Strategy or Execution?
Why do the results of even good plans and strategies sometimes fall short of our expectations in the execution? Most of the time, it is because we make the mistake of focusing solely on strategy and planning. In fact, that is “thinking” about change, not “executing” change. The implementation can be far more difficult than the planning because there are people involved. People have different reactions and points of view, different interests and needs. People decide whether to help, hinder or ignore any change initiative. People determine the success or failure for any planned change.
Successful change agents all possess a vital ability. They understand the importance of gaining support for any change initiative and they are able to obtain people’s “willing buy-in” to that change. They recognize people’s emotional as well as logical reactions and are able to reason with any point of view. Only then are they able to link people’s best efforts to the execution of sound plans.
Buy-in or commitment is a powerful thing. It takes people out of analysis or skepticism and causes co-ownership and the emotional resolve to act and see a task through to completion. Without it, change initiatives are doomed from the start. With it, you get people on board (leadership) and working in sync (teamwork) on an on-going, daily, project-by-project basis.
My experience helping my clients implement change successfully shows that there are a number of important factors in ensuring that the skills of gaining buy-in to change, practicing leadership and causing teamwork are acquired and put to use.
1. Make the skills explicit and learnable. One problem many organizations have when attempting to give their people the skills necessary to implement change is that these are “soft” skills, not easily defined or tested. However, there are specific skills that go into gaining the buy-in and support of others. These include listening skills, rapport-building skills, analytical skills, positioning skills, influencing skills and the ability of gaining willing commitments and action from other people.
2. Coach the skills; don’t just instruct them. Simply telling people about a skill set is ineffective in building proficiency in these skills. The best methods for causing skills to be acquired to high degrees of performance excellence are the same hands-on methods used in sports, martial arts and performing arts–through coaching. Coaching causes people to acquire “the feel” of a skill not just an intellectual understanding of it, and consequently, they’re more likely to make the skill habitual and apply it to real work situations. This doesn’t have to be done individually. Group training can and should involve actual coached practice of the skills, step-by-step, in a supportive environment that builds on people’s successes.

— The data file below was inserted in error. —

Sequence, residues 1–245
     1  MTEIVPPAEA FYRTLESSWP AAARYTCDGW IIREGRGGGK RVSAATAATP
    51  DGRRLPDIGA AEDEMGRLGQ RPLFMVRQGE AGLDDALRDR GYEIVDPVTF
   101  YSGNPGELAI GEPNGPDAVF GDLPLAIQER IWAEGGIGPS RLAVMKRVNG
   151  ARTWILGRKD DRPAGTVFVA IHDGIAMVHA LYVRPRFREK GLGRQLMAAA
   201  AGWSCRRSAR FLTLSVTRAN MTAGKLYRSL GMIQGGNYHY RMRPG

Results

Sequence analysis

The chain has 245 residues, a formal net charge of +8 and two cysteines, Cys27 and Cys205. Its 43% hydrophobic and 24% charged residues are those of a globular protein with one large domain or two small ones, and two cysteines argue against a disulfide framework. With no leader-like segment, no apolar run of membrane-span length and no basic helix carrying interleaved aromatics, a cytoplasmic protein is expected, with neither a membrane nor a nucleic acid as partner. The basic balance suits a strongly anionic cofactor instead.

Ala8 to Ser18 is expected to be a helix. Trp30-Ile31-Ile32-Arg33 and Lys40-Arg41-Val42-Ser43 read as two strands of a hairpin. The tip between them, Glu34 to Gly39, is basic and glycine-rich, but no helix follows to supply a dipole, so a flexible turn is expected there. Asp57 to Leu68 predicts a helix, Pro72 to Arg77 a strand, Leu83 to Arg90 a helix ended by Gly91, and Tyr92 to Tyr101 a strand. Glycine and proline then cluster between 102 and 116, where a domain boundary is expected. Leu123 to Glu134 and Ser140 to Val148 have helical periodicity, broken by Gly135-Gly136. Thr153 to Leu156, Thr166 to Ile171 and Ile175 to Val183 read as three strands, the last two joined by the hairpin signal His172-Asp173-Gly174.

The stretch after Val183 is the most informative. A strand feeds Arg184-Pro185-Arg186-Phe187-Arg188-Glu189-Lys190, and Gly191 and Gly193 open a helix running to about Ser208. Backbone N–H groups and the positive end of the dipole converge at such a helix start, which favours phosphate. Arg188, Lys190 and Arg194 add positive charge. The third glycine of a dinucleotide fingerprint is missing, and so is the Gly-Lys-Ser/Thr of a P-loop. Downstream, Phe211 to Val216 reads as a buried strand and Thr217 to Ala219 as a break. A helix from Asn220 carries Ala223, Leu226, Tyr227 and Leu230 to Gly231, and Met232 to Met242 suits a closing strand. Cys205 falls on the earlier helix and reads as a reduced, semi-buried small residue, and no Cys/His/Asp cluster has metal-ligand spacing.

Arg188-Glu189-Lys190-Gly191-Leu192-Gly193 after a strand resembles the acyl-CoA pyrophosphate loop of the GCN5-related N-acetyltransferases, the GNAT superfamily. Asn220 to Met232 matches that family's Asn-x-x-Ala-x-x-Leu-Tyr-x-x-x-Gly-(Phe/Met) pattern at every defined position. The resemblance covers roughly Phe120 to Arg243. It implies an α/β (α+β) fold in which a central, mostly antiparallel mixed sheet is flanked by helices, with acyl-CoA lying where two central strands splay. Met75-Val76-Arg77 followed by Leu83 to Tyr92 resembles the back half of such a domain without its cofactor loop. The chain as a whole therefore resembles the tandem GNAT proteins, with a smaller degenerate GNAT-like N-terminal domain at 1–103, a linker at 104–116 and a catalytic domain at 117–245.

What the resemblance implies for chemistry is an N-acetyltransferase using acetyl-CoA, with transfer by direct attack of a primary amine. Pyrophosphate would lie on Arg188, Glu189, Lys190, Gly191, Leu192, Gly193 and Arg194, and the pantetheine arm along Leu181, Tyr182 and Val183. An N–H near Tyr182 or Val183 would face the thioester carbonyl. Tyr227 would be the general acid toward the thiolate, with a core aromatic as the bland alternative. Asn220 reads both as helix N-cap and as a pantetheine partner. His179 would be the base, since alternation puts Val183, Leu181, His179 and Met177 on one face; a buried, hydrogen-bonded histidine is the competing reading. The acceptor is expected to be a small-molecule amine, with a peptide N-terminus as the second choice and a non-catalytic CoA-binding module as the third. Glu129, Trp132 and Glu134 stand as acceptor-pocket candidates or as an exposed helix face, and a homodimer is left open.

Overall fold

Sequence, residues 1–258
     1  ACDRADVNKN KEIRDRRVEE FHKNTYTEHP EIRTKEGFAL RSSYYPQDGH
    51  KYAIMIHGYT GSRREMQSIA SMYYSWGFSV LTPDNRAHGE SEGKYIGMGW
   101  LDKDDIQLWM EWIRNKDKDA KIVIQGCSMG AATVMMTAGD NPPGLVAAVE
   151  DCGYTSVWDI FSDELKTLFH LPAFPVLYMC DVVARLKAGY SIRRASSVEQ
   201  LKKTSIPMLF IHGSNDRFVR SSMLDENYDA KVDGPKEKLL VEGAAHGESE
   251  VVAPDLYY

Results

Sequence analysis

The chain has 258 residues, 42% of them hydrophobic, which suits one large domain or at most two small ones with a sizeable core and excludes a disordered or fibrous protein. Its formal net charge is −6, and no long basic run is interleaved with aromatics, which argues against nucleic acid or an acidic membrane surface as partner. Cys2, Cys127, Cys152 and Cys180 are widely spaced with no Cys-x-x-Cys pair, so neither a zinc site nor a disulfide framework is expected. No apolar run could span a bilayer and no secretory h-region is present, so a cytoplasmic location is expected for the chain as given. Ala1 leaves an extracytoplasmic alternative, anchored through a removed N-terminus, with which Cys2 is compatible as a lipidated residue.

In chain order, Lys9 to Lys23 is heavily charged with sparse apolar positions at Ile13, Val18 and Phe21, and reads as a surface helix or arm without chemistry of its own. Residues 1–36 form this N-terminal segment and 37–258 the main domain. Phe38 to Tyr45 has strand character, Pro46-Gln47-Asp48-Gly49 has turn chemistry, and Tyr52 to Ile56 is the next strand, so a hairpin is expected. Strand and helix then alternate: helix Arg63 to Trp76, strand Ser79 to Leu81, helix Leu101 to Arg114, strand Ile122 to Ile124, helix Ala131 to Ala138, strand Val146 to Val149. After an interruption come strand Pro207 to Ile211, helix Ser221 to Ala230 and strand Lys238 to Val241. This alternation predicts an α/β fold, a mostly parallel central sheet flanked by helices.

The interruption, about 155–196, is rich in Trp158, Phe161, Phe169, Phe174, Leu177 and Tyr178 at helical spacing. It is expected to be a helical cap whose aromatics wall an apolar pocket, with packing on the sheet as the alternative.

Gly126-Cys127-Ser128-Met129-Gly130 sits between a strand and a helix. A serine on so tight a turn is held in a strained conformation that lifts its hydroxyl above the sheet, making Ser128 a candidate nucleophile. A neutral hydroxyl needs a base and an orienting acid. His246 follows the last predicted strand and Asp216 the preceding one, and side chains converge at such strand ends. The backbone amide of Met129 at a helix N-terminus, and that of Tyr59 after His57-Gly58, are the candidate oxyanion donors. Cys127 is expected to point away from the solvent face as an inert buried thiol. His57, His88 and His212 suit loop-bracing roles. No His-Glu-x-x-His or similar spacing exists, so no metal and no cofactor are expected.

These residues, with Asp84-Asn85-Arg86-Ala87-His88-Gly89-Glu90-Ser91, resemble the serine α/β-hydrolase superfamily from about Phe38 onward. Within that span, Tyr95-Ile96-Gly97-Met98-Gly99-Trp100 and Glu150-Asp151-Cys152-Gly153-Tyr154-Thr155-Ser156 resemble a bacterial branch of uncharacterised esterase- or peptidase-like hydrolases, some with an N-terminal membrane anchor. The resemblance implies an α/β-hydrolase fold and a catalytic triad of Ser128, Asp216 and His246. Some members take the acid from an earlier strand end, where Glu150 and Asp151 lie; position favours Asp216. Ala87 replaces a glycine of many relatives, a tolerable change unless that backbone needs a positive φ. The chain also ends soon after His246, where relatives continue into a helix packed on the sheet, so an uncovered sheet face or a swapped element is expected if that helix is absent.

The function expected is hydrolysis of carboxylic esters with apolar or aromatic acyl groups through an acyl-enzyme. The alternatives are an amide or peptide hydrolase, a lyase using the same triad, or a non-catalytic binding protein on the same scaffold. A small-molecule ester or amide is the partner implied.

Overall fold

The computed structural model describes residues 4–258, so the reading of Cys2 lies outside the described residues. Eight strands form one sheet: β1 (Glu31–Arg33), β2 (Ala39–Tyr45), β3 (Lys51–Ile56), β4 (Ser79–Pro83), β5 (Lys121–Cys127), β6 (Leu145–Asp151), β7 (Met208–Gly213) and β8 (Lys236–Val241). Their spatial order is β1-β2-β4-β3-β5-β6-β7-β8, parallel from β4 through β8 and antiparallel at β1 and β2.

3. Spread these skills throughout the organization. The ability to implement change is eventually needed throughout the ranks in a customer-driven organization. Work teams need the skills as much as any manager. After all, work teams exist to implement change on a continuing basis. Individual contributors also need the skills if they are being asked to serve or obtain customers within or outside the company.
In short, the skill of obtaining buy-in and support is the core skill of doing business with others. Enhancing this ability in your workforce will cause change initiatives to be successful and lead to tremendous payoffs in effectiveness, efficiency, cooperation and overall business success.
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About Patrick Malone
Patrick T. Malone, a Senior Partner with The PAR Group, has decades of experience in operations, customer service, and sales management. Before joining PAR as a senior consultant in 1989, Patrick worked in a variety of management roles including Vice President - National Sales Manager for The Scotts Companies and American Greetings. As a key…